- What are the challenges faced by the government to bring up a regulation on OTT in India?
What is Censorship?
It is the action of preventing part or the whole of a book, film, work of art, document, or other kind of communication from being seen or made available to the public, because it is considered to be offensive or harmful, or because it contains information that someone wishes to keep secret, often for political reasons. There are certain instances where we might have seen films or videos with blurred images, cut scenes, beep sounds or ban of artistic works etc, which are harmful, offensive or could hurt the sentiments of people when released in public. Censorship is every now and again seen adversely and is characterized as the suppression of thoughts, pictures, or expressions that certain individuals track down offensive in some way. 
Censorship of films in India
The movies we watch on theatres are different from that of the OTT platform content as defined earlier. The Central Board of Film Certification (CBFC) is a statutory body under the Ministry of Information and Broadcasting, regulating the public exhibition of films under the provisions of the Cinematograph Act, 1952. The films can be publicly exhibited in theatres only after obtaining a certificate from the Central Board of Film Certification. It is lead by some non-official members, a Chairman appointed by the Central Government, and is headquartered at Mumbai. The certification is in accordance with the Cinematograph Act, 1952.  Films are certified into four categories in India. They are U – unrestricted, UA – unrestricted but with a parental discretion advisory for children under 12 years, A – adult, S – only for a special class of persons. The principles for guidance in certifying films are been defined in The Cinematography Act, 1952 according to “section 5B of the Act (1) A film shall not be certified for public exhibition if, in the opinion of the authority competent to grant the certificate, the film or any part of it is against the interests of [the sovereignty and integrity of India] the security of the State, friendly relations with foreign States, public order, decency or morality, or involves defamation or contempt of court or is likely to incite the commission of any offence.(2) Subject to the provisions contained in sub-section (1), the Central Government may issue such directions as it may think fit setting out the principles which shall guide the authority competent to grant certificates under this Act in sanctioning films for public exhibition.”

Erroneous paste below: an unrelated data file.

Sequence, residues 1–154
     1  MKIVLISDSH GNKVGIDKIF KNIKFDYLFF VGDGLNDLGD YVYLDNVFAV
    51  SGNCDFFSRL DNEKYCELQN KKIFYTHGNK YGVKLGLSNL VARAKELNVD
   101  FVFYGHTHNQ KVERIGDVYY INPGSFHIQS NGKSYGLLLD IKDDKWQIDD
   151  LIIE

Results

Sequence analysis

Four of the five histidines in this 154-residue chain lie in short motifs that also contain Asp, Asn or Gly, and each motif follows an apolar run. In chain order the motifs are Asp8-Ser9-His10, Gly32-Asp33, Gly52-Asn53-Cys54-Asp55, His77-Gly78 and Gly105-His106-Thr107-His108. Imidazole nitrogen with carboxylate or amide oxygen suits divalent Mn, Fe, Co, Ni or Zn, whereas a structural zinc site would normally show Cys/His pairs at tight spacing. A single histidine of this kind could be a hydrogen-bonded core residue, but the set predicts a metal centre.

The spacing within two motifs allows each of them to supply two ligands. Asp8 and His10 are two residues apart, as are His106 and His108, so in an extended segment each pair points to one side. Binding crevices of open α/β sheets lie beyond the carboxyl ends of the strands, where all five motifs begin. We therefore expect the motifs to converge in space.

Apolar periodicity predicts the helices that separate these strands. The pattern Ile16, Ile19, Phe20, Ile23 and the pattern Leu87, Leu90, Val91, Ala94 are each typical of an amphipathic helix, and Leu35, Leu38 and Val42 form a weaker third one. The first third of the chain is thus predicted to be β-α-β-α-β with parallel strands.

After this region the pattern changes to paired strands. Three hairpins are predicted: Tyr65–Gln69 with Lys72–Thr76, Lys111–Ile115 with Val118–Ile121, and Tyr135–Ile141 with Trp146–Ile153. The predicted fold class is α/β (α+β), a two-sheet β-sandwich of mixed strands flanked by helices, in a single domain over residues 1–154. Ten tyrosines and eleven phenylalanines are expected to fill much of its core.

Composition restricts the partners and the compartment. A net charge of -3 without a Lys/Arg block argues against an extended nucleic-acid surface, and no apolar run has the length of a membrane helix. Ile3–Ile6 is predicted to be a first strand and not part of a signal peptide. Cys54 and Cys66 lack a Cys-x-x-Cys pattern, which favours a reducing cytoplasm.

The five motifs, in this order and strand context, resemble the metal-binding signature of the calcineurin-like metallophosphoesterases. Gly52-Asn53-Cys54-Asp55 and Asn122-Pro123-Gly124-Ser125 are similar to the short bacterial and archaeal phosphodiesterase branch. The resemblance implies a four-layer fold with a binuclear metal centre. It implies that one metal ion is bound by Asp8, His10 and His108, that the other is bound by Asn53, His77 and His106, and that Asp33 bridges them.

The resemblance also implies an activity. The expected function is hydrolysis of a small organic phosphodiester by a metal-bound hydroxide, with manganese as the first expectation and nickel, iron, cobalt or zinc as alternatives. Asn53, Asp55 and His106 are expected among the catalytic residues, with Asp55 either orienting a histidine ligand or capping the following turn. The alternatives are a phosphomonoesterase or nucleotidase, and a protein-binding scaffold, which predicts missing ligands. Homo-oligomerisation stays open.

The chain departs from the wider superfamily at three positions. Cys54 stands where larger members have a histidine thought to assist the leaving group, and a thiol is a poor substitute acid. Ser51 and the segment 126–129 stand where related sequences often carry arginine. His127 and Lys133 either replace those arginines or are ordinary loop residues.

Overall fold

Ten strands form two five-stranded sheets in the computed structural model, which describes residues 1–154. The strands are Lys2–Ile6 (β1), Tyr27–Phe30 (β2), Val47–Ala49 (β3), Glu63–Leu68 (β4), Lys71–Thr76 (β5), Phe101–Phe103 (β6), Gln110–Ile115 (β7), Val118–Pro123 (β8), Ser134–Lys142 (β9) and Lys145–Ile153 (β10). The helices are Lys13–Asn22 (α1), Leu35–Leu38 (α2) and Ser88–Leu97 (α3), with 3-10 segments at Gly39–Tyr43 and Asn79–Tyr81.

Benefits and Drawbacks of Censorship
- Censorship prevents Discord: This system of scrutiny prevents discord or disharmony among the people in the society by preventing the viewers from watching objectionable content.
- It guarantees the safety of the State: There are many films and series that are been banned in India either by the CBFC, government of India or by the protests and outcries that happened after the release of the films in India. The CBFC banned films which affects the security and safety of the State (country). Some examples of it are Final Solution(2004), Kaum de Heere(2014), Porkalathil Oru Poo(2015), India’s Daughter(2015), Dharam Yudh Morcha(2016), and to the very recent India: The Modi Question(2023) and many more.[7,8,9,10,11,12,13]
- Prohibition of Offensive Content: As stated earlier the content if it goes under the ambit of hurting, being offensive, or disturbing the public order in any ways such as sexual, vulgar, foul language, creating rumors, indecent projection , hateful content, etc are censored in Indian Films.
The main aspect that comes under the drawbacks of a censorship system is that of director’s freedom to take a film he desires or wishes to express. A director is considered as the visionary behind a film, the way he directs is a freedom conferred to him by the Indian constitution under Article 19.
- Acts as a tool for Moral Policing : Generally moral policing is a term used to define the vigilant groups that act to enforce a code of morality in India.  It is a system to restrict the persons who breach the basic standards of our society. The wide-ranging powers given to the regulatory body under the new rules, which is composed of bureaucrats, also runs the risk of discretionary political control.